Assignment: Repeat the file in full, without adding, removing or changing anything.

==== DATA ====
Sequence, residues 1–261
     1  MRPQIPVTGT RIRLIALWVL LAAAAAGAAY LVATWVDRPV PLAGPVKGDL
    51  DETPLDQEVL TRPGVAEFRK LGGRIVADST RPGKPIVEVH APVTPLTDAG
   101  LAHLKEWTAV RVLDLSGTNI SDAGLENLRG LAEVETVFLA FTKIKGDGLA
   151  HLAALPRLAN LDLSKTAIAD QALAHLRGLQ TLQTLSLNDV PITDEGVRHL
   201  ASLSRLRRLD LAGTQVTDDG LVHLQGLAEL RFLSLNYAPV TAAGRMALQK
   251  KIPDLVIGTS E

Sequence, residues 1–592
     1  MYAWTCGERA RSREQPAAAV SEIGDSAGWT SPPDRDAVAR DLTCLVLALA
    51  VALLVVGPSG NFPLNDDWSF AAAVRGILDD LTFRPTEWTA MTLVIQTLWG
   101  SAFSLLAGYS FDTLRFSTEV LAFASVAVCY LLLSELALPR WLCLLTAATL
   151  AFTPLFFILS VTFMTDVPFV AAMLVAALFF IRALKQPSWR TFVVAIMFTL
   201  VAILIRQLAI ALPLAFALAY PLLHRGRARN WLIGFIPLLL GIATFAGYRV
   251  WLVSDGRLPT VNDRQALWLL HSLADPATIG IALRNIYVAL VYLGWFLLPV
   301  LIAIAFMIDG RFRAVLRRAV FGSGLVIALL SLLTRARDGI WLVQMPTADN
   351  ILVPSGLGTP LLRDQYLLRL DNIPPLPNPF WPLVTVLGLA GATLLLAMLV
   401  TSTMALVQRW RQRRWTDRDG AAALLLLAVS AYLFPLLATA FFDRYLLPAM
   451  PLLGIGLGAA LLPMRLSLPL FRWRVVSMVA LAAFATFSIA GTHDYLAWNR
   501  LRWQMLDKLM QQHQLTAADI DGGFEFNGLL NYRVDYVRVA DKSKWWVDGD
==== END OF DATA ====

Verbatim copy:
Sequence, residues 1–261
     1  MRPQIPVTGT RIRLIALWVL LAAAAAGAAY LVATWVDRPV PLAGPVKGDL
    51  DETPLDQEVL TRPGVAEFRK LGGRIVADST RPGKPIVEVH APVTPLTDAG
   101  LAHLKEWTAV RVLDLSGTNI SDAGLENLRG LAEVETVFLA FTKIKGDGLA
   151  HLAALPRLAN LDLSKTAIAD QALAHLRGLQ TLQTLSLNDV PITDEGVRHL
   201  ASLSRLRRLD LAGTQVTDDG LVHLQGLAEL RFLSLNYAPV TAAGRMALQK
   251  KIPDLVIGTS E

Sequence, residues 1–592
     1  MYAWTCGERA RSREQPAAAV SEIGDSAGWT SPPDRDAVAR DLTCLVLALA
    51  VALLVVGPSG NFPLNDDWSF AAAVRGILDD LTFRPTEWTA MTLVIQTLWG
   101  SAFSLLAGYS FDTLRFSTEV LAFASVAVCY LLLSELALPR WLCLLTAATL
   151  AFTPLFFILS VTFMTDVPFV AAMLVAALFF IRALKQPSWR TFVVAIMFTL
   201  VAILIRQLAI ALPLAFALAY PLLHRGRARN WLIGFIPLLL GIATFAGYRV
   251  WLVSDGRLPT VNDRQALWLL HSLADPATIG IALRNIYVAL VYLGWFLLPV
   301  LIAIAFMIDG RFRAVLRRAV FGSGLVIALL SLLTRARDGI WLVQMPTADN
   351  ILVPSGLGTP LLRDQYLLRL DNIPPLPNPF WPLVTVLGLA GATLLLAMLV
   401  TSTMALVQRW RQRRWTDRDG AAALLLLAVS AYLFPLLATA FFDRYLLPAM
   451  PLLGIGLGAA LLPMRLSLPL FRWRVVSMVA LAAFATFSIA GTHDYLAWNR
   501  LRWQMLDKLM QQHQLTAADI DGGFEFNGLL NYRVDYVRVA DKSKWWVDGD